Nicholas Wade: The Twists and Turns of History, and of DNA





EAST ASIAN and European cultures have long been very different, Richard E. Nisbett argued in his recent book "The Geography of Thought." East Asians tend to be more interdependent than the individualists of the West, which he attributed to the social constraints and central control handed down as part of the rice-farming techniques Asians have practiced for thousands of years.

A separate explanation for such long-lasting character traits may be emerging from the human genome. Humans have continued to evolve throughout prehistory and perhaps to the present day, according to a new analysis of the genome reported last week by Jonathan Pritchard, a population geneticist at the University of Chicago. So human nature may have evolved as well.

If so, scientists and historians say, a fresh look at history may be in order. Evolutionary changes in the genome could help explain cultural traits that last over many generations as societies adapted to different local pressures.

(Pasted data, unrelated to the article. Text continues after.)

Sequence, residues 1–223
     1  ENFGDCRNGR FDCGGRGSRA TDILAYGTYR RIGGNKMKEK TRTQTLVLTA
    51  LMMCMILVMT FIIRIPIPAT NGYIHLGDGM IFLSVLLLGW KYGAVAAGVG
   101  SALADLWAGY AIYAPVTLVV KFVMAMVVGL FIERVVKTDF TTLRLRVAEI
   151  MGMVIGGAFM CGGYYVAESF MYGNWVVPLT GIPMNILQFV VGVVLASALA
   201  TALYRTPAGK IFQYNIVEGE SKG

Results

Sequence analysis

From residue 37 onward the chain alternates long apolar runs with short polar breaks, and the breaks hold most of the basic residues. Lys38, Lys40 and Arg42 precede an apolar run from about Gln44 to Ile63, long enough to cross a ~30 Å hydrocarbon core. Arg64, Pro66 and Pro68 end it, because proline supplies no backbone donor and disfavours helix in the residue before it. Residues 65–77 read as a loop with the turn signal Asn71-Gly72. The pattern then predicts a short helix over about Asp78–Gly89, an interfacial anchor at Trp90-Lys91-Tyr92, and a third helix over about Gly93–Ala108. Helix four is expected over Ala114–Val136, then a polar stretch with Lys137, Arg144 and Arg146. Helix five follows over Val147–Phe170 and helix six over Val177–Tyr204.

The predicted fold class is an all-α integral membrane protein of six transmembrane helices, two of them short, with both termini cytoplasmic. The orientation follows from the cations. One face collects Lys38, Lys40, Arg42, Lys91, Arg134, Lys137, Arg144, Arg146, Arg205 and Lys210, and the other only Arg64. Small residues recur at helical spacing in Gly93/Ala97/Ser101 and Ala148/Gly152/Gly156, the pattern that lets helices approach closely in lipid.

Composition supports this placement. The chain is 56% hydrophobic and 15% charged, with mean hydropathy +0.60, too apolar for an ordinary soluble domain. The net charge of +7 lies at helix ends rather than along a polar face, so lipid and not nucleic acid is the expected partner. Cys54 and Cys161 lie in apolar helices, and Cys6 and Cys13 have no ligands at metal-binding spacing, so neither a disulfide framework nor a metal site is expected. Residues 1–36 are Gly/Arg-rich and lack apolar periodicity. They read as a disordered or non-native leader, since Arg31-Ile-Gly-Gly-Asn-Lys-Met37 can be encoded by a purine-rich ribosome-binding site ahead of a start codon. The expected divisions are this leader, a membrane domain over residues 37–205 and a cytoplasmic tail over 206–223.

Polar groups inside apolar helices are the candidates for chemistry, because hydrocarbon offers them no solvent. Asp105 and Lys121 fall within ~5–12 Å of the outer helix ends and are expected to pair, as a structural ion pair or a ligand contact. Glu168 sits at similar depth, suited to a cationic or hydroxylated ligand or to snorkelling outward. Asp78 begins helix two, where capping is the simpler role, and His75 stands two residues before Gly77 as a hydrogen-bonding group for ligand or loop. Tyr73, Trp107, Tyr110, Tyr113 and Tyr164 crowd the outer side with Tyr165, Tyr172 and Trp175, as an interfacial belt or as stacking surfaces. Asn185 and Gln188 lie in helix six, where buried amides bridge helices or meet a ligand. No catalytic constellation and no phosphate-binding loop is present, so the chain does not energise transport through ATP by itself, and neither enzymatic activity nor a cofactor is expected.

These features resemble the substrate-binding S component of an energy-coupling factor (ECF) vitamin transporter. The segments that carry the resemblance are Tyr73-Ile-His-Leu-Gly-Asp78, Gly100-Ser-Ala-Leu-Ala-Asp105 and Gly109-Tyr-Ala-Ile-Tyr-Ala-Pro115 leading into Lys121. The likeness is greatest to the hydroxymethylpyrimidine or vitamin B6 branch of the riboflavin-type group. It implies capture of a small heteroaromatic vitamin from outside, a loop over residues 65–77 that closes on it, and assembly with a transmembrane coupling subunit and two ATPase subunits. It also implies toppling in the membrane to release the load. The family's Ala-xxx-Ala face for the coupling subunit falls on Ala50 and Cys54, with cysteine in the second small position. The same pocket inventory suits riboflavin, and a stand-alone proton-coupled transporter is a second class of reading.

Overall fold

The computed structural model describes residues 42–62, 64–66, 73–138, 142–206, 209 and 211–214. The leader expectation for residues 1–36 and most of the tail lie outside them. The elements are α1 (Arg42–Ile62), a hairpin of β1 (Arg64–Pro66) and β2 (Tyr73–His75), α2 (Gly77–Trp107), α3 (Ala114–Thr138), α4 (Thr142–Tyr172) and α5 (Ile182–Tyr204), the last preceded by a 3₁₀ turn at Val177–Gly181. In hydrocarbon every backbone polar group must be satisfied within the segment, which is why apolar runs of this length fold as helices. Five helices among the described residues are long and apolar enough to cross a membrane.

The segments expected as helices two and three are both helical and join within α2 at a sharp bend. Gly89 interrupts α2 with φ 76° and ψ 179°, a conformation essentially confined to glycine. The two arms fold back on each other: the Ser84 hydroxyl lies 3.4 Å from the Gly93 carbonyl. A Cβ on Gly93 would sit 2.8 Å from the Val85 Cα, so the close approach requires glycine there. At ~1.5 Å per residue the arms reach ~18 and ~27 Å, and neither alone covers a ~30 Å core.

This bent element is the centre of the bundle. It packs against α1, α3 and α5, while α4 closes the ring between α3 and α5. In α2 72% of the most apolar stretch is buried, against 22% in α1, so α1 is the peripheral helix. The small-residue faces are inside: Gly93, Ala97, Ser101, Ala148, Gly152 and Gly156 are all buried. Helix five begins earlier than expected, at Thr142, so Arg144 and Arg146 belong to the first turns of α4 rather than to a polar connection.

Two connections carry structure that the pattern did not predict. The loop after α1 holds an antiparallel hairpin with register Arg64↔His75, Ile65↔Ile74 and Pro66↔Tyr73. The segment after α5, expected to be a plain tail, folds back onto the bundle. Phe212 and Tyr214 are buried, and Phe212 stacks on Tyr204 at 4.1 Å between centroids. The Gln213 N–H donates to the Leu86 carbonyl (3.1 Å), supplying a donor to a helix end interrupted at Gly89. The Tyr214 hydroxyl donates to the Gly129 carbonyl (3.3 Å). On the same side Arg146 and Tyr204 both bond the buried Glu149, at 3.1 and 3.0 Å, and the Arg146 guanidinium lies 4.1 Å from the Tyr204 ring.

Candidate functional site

Trying to explain cultural traits is, of course, a sensitive issue. The descriptions of national character common in the works of 19th-century historians were based on little more than prejudice. Together with unfounded notions of racial superiority they lent support to disastrous policies.

But like phrenology, a wrong idea that held a basic truth (the brain's functions are indeed localized), the concept of national character could turn out to be not entirely baseless, at least when applied to societies shaped by specific evolutionary pressures.

In a study of East Asians, Europeans and Africans, Dr. Pritchard and his colleagues found 700 regions of the genome where genes appear to have been reshaped by natural selection in recent times. In East Asians, the average date of these selection events is 6,600 years ago....


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